The FBI issued a rare public statement Wednesday, saying it was given just a day to review the mysterious classified memo before the House Intelligence Committee voted along party lines to release it, and that it had “grave concerns” about the memo’s accuracy.
“With regard to the House Intelligence Committee’s memorandum, the FBI was provided a limited opportunity to review this memo the day before the committee voted to release it,” according to the statement. “As expressed during our initial review, we have grave concerns about material omission of fact that fundamentally impact the memo’s accuracy.”
The secret four-page memo, prepared by Republican committee chair Devin Nunes and alleging surveillance abuses in the Russia probe, has stirred widespread controversy over the past week, adding to the recent concerted Republican effort to discredit the FBI.
FBI Director Christopher Wray, who was appointed by Trump last year, had reportedly already told the White House not to release the memo, because of its supposed inaccuracies and its possible threat to national security, Bloomberg reported. And the Department of Justice also warned Nunes not to release it, calling the move “extraordinarily reckless.”
Still, the committee on Monday voted to release the memo to the public, while voting against releasing the Democrats’ counter memo. That gives the president five days to accept or decline the committee’s decision.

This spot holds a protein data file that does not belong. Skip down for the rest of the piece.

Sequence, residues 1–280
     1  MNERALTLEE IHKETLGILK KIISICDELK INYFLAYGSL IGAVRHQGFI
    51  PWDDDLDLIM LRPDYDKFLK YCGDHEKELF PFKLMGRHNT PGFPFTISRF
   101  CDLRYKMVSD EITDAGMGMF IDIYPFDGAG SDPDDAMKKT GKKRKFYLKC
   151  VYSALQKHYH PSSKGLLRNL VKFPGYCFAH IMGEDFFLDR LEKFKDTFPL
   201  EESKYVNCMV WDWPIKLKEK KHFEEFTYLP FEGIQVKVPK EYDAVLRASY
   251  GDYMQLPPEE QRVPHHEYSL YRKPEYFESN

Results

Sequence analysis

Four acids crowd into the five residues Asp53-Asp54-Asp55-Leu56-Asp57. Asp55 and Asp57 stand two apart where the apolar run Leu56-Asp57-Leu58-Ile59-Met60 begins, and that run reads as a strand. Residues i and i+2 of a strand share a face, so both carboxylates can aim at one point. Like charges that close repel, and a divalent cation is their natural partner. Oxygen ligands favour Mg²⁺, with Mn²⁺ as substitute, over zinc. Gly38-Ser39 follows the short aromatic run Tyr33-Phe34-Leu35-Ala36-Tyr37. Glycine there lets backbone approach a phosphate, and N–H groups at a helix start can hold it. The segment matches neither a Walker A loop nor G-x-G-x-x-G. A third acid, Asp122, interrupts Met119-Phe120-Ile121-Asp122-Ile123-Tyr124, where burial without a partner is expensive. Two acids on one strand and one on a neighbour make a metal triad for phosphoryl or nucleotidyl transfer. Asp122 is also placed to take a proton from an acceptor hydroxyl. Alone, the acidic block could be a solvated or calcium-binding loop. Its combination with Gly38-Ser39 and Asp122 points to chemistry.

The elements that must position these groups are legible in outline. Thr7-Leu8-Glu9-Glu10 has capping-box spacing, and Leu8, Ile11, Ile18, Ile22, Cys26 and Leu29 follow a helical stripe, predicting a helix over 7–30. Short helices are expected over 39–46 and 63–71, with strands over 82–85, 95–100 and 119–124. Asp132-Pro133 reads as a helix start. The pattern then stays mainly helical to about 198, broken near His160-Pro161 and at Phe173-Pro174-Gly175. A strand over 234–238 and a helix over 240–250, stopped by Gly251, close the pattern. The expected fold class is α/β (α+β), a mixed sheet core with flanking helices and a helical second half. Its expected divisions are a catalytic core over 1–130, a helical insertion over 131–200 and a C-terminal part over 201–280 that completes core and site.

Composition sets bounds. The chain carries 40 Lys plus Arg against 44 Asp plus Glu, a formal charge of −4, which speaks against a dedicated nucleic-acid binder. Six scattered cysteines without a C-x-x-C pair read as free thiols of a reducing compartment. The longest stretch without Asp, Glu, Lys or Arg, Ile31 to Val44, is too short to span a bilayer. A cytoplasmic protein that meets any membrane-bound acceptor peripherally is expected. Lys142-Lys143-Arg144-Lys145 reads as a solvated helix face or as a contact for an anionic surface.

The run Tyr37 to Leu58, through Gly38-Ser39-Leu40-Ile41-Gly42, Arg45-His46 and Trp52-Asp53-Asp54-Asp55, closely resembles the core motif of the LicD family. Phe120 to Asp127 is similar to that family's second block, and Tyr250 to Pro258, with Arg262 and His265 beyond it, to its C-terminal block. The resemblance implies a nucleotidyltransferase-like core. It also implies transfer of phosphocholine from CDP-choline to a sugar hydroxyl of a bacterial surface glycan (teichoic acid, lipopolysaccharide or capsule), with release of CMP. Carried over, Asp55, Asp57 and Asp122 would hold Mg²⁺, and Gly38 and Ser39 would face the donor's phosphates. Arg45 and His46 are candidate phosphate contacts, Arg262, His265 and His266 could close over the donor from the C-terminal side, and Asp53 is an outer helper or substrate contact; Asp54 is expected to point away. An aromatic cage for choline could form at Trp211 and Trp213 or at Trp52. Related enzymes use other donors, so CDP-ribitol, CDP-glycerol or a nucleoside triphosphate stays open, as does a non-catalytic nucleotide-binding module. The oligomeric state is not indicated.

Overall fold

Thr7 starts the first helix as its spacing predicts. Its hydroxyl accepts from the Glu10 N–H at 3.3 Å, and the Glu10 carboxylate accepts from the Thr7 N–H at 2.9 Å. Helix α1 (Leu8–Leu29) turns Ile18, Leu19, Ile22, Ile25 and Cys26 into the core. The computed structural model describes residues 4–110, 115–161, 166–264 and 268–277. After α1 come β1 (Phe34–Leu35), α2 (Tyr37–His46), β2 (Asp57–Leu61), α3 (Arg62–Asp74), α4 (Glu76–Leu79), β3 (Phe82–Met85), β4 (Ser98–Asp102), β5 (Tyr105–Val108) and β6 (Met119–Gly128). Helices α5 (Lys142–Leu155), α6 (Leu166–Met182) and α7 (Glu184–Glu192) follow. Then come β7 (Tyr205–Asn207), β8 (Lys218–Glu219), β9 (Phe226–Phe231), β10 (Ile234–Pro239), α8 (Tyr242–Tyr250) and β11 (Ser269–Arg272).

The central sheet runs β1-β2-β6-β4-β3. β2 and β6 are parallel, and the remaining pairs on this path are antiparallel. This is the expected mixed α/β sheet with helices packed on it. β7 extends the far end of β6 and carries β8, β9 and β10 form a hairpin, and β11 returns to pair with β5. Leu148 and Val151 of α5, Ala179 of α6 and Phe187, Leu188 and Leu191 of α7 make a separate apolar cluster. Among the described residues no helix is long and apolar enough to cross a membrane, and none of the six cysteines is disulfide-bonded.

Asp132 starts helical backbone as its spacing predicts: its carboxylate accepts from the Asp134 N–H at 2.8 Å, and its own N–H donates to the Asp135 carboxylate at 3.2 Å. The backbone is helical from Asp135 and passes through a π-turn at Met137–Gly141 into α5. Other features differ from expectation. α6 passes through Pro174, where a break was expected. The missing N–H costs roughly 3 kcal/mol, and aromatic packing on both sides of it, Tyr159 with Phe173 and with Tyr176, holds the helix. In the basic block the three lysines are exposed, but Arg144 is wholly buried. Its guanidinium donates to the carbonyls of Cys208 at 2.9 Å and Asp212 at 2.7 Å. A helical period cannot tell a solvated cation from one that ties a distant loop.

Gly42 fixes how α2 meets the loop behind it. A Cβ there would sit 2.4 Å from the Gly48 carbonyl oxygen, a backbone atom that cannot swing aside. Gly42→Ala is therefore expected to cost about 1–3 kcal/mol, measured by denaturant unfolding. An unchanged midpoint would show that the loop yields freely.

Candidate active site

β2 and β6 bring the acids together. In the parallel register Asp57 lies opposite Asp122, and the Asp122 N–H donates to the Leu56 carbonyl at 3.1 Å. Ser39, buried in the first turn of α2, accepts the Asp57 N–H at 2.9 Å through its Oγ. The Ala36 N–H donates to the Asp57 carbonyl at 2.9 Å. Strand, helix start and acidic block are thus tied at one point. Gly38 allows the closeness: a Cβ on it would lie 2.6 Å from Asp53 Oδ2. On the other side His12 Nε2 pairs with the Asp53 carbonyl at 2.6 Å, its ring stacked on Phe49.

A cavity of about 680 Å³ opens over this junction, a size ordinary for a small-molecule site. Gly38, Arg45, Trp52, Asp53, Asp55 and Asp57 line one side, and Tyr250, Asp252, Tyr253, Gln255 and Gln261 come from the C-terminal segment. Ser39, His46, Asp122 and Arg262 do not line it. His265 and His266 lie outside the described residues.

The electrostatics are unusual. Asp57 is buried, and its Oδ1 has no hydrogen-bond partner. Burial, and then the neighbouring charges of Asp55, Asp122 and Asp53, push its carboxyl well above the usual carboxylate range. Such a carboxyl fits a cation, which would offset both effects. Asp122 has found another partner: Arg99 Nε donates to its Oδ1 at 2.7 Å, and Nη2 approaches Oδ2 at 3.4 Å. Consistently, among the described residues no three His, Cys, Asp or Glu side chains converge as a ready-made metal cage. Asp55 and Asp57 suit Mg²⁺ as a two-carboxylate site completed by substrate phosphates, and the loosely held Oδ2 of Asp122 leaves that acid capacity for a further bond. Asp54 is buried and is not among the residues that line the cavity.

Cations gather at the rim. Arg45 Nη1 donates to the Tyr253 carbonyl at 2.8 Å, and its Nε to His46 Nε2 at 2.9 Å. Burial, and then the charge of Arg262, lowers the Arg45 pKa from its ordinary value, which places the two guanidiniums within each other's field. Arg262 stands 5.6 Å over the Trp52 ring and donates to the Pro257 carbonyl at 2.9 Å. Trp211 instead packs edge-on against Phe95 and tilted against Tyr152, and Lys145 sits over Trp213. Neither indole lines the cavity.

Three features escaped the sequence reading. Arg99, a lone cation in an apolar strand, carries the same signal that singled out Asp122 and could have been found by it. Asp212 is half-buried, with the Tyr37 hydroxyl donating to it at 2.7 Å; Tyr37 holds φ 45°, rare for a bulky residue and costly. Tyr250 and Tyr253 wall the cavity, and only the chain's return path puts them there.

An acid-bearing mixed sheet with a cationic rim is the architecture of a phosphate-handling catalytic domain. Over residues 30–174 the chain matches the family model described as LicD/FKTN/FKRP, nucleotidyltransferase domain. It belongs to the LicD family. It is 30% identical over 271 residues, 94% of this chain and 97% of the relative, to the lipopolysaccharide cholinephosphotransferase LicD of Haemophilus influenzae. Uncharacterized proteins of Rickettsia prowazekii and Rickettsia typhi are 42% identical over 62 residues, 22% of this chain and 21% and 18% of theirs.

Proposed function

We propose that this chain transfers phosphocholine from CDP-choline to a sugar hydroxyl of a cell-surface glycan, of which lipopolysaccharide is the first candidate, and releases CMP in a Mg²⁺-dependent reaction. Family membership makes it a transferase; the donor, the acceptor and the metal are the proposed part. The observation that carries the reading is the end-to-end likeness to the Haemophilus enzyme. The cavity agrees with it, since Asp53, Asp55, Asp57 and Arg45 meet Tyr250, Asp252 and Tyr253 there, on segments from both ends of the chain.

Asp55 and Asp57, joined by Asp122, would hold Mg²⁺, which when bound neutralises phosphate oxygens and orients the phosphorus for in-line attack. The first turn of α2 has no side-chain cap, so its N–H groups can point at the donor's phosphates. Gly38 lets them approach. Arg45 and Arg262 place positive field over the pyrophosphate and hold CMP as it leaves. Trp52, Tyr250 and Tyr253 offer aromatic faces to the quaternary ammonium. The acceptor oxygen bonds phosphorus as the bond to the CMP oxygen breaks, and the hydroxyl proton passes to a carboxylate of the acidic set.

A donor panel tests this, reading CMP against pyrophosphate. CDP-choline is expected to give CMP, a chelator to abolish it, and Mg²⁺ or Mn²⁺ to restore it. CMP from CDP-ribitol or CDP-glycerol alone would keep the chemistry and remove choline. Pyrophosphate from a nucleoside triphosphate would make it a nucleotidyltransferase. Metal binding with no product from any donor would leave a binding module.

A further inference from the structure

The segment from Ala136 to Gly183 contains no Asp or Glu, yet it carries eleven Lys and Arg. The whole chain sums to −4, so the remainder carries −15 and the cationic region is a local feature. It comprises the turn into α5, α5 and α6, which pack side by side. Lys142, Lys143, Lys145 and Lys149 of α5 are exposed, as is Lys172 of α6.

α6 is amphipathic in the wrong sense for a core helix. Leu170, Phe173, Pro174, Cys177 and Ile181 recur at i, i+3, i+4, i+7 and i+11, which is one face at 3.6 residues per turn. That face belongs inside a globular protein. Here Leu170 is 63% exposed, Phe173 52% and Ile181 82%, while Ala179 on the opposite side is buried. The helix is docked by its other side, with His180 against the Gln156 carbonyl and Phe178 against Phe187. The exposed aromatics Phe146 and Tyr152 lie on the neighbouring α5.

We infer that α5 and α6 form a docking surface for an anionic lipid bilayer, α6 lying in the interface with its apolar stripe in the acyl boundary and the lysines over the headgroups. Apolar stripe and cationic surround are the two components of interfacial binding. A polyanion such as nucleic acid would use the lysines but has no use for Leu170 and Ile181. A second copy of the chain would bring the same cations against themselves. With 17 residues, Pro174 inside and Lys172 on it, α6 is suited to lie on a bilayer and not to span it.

And the Trump administration seems inclined to release it. White House chief of staff John Kelly said in an interview on Fox News Radio Wednesday, “It will be released here pretty quick, I think, and the whole world can see it.”
The president was also overheard Tuesday night on a hot mic telling Republican Rep. Jeff Duncan of South Carolina in crowd after his State of the Union address, he would “100%” approve releasing the memo.
"Mr. President, let's release the memo," Duncan was heard asking Trump.
"Don't worry, 100%," the president replied. "Can you imagine?"
Cover image: U.S. President Donald Trump and FBI Director Christopher Wray participate in a graduation ceremony at the FBI Academy on the grounds of Marine Corps Base Quantico in Quantico, Virginia, December 15, 2017. REUTERS/Jonathan Ernst